Features

Exercise Can Help Overcome Your Weight-gain Genes

Plenty of people blame genetics for unwanted weight gain, but lifestyle changes can help you power past a genetic predisposition to gain weight.

Fit woman with abs with barbell on shoulders
T2 Images / Getty

Unwanted weight gain is a common occurrence. All too often, women tend to feel discouraged by the idea that their genetics are to blame for weight gain, especially as they age.

But there's good news: By exercising, women can overcome their genetic predisposition to gain weight, according to a new study published in the journal Menopause.

“We are born with our genes, but this study suggests that we can improve our lives and health with exercise, regardless of genetics,” says JoAnn Pinkerton, M.D., director of the North American Menopause Society.

Past studies suggest that genetics have a greater influence on weight gain in early adulthood compared to childhood, according to the press release. But as women age, they're actually more likely to overcome their genetic disposition to gain weight, the new study found.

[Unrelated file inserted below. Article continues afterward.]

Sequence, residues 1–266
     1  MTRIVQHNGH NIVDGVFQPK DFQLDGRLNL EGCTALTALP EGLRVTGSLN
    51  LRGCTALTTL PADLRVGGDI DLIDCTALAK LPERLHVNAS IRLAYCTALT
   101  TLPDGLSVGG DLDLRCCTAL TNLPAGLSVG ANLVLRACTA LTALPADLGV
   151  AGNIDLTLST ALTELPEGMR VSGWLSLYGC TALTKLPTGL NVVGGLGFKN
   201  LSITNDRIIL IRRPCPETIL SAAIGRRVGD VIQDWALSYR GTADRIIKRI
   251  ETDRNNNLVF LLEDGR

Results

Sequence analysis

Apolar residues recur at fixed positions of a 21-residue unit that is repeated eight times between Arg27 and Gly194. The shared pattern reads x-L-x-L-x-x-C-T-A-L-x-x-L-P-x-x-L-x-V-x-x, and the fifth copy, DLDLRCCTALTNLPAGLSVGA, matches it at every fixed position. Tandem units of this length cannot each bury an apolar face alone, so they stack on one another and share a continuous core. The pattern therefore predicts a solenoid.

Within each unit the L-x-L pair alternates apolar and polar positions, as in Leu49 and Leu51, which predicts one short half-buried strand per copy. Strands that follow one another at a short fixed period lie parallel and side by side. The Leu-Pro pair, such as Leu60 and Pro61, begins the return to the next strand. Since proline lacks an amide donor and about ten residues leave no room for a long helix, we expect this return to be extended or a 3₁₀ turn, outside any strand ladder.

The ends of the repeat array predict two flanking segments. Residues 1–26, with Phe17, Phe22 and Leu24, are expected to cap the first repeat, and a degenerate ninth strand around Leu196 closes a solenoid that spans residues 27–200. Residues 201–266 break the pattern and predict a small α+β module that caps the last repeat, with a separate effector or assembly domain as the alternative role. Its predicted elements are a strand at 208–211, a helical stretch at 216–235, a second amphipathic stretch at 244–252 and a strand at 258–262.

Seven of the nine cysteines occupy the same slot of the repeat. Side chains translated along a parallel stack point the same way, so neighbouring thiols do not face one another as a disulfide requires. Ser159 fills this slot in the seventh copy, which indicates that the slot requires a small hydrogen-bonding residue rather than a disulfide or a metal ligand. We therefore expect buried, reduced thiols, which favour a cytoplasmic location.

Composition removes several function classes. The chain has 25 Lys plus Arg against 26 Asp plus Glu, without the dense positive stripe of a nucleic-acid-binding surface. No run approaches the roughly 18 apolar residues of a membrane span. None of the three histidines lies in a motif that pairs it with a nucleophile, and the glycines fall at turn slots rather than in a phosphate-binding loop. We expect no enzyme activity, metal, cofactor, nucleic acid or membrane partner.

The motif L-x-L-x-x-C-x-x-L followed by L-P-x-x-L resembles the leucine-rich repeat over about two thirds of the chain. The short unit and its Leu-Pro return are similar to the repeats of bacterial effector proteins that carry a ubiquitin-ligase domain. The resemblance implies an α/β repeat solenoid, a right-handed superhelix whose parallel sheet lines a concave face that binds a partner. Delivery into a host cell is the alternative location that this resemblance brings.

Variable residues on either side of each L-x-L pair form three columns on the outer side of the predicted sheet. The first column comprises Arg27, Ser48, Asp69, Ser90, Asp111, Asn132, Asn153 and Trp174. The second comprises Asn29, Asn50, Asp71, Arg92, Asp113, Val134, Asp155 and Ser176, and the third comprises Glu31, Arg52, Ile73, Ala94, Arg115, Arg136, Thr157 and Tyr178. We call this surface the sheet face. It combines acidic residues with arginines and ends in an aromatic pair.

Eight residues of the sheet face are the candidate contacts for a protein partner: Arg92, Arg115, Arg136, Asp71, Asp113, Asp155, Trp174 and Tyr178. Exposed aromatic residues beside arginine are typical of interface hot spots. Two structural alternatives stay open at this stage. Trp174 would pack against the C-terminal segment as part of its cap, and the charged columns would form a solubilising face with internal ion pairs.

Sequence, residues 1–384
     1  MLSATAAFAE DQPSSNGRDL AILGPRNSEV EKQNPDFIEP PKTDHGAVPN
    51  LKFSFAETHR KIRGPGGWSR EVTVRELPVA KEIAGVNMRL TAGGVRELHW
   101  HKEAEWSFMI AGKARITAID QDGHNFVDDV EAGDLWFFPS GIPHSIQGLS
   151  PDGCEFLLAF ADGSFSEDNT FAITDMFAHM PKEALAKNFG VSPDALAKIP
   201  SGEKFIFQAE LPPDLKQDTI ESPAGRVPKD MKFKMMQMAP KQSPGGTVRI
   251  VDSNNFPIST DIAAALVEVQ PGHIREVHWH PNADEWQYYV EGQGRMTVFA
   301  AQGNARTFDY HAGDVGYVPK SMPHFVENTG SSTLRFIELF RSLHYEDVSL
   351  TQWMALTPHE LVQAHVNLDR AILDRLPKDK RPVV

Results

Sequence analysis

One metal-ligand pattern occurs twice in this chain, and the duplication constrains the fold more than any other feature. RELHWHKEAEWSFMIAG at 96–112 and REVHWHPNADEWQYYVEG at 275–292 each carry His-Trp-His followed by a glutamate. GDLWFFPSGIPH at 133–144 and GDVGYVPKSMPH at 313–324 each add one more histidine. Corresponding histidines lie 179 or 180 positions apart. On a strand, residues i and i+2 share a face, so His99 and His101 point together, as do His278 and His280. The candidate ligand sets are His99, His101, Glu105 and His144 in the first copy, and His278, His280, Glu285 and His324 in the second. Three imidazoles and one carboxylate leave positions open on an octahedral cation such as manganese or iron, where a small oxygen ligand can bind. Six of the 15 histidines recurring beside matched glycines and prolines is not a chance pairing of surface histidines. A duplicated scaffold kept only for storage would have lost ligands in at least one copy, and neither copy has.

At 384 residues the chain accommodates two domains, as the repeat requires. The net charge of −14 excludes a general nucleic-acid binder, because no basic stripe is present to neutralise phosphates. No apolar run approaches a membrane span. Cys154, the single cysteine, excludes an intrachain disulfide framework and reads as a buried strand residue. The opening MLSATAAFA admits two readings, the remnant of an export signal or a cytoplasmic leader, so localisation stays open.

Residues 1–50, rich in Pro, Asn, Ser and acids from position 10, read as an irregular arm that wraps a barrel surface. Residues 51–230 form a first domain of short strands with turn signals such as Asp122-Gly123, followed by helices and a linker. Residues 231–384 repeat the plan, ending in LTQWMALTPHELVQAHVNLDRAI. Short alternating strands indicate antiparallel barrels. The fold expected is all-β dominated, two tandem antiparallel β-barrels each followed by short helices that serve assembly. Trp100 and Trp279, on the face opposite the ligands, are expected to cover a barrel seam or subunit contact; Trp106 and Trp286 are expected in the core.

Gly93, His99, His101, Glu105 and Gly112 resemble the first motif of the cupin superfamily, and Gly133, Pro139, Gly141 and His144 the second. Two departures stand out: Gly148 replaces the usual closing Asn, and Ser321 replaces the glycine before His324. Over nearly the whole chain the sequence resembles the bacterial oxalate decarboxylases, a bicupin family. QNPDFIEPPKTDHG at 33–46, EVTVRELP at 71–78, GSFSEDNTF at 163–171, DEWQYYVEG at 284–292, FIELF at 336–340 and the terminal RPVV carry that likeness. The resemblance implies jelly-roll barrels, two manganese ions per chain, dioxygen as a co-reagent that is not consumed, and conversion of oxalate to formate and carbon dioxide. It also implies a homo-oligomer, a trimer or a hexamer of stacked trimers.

Researchers analyzed Women's Health Initiative data from more than 8,200 women and found that in the oldest age group (70 and older), exercise had the biggest effect on minimizing the influence of genetics. But regardless of a woman's age, regular exercise can improve both the quality and longevity of life, the findings further confirm.

“As women age, exercise has been shown to improve muscle mass, balance, and bone strength," says Pinkerton. "It also invigorates brain cells, is associated with less arthritic pain, and improves mood, concentration, and cognition." 

Comments